|Abstract: ||Abstract:Members of the deep-sea caridean shrimp genus Leontocaris Stebbing, 1905(family Hippolytidae Spence Bate, 1888) have a very peculiar major secondcheliped with a massive palm bearing a tympanum and a blade-like dactylus,probably related to an as yet unknown predatory behaviour (Taylor & Poore,1998; Fransen, 2001; Poore, 2009). Currently nine species are known in thegenus (De Grave & Fransen, 2011; Cardoso & Fransen, 2012). In North Atlanticwaters only one species, Leontocaris lar Kemp, 1906 has been reported and upto now, remains only known from three specimens collected off Ireland morethan a century ago (Kemp, 1906, 1910; d’Udekem d’Acoz, 1999). The rarity ofthis species, and indeed all known species in the genus, is likely due to theseshrimps inhabiting deep-sea coralline habitats, which are very difﬁcult to sampleby conventional means (Kemp, 1906, 1910; Taylor & Poore, 1998; Fransen,2001; Poore, 2009; Ahyong, 2010; Cardoso & Fransen, 2012). In 2011, duringa ROV “Victor6000” dive of the “BobEco” cruise carried out on board the RV“Pourquoi Pas?” (chief scientist: S. Arnaud-Haond, Ifremer), a further specimenwas collected in the Celtic Sea off north-western France, allowing for a betterunderstanding on the characteristics and ecology of this rare species. In situobservation of L. lar conﬁrms for the ﬁrst time its association with antipathariancorals. A close examination of the present specimen reveals that the recentlydescribed Leontocaris smarensis Cardoso & Fransen, 2012, from the South Mid-Atlantic Ridge is extremely similar to L. lar, potentially being a synonym of L. lar.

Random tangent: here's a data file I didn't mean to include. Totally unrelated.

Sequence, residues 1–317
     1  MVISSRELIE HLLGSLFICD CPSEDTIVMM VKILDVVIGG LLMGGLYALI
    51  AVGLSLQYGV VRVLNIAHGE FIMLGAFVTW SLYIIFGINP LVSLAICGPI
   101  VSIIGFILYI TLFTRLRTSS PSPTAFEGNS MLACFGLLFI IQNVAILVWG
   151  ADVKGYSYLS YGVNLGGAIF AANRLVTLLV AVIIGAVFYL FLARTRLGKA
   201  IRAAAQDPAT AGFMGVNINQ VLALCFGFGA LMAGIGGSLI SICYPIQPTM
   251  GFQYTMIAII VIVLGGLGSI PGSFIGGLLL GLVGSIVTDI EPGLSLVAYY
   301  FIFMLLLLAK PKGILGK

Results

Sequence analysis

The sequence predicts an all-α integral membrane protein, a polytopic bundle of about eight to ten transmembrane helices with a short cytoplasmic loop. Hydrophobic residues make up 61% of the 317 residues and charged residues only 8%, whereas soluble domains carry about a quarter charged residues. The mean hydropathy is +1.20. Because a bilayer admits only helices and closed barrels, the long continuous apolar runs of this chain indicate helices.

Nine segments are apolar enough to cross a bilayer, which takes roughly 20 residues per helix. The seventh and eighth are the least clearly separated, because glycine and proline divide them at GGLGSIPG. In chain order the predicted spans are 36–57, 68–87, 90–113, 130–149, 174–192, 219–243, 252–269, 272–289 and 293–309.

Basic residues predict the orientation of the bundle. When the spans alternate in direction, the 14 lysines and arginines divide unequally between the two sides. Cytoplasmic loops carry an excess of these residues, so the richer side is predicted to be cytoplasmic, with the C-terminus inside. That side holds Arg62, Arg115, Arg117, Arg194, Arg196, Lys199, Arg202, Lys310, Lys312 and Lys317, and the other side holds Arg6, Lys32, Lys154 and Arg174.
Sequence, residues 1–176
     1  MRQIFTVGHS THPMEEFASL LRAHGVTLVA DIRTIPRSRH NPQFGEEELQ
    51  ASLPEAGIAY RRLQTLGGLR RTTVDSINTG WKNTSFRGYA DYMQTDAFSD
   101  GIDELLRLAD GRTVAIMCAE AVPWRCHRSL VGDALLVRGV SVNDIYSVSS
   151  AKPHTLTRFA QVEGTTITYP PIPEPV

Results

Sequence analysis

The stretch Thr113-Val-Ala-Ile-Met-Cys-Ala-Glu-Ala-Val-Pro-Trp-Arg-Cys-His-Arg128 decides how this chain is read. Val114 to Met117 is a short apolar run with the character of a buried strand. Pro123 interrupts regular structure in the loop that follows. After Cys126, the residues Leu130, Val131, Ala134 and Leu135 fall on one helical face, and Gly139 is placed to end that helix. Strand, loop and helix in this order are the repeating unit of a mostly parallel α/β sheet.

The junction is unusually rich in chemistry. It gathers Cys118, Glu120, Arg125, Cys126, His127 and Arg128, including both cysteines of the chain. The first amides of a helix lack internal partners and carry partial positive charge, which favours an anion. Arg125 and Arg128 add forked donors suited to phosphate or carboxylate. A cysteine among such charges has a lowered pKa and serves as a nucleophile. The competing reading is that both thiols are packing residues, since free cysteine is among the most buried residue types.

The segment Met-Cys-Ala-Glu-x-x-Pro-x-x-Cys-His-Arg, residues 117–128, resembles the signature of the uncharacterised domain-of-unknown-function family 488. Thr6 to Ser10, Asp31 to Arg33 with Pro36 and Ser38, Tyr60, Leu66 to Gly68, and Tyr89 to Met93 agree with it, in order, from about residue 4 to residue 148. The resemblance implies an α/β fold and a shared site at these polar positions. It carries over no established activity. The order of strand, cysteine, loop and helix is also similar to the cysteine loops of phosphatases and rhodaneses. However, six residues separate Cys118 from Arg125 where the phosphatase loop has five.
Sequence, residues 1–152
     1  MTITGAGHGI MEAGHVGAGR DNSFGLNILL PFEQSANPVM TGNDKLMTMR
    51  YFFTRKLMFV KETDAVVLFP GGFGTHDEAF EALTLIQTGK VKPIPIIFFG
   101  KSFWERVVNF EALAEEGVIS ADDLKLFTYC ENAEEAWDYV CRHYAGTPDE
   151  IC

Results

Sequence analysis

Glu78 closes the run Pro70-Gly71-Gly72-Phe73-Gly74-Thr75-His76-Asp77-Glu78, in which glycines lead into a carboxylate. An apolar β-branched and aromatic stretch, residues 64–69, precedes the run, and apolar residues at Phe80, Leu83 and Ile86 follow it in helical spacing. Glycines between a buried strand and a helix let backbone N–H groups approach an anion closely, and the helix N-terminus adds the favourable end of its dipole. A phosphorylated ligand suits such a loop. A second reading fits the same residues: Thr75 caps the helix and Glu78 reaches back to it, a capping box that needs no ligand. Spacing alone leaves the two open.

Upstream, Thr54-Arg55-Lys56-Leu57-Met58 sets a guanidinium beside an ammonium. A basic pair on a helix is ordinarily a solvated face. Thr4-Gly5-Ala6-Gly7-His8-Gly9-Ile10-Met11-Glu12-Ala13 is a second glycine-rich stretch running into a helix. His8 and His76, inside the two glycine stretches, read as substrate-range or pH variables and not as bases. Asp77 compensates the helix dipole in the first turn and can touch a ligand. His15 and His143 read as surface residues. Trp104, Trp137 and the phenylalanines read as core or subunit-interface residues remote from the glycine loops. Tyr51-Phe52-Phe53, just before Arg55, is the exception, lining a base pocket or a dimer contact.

The specimen described in this work is deposited in the collection of theMuséum National d’Histoire Naturelle, Paris (MNHN). Carapace length (cl) ismeasured dorsally from the posterior part of the orbit to the posterior margin of thecarapace.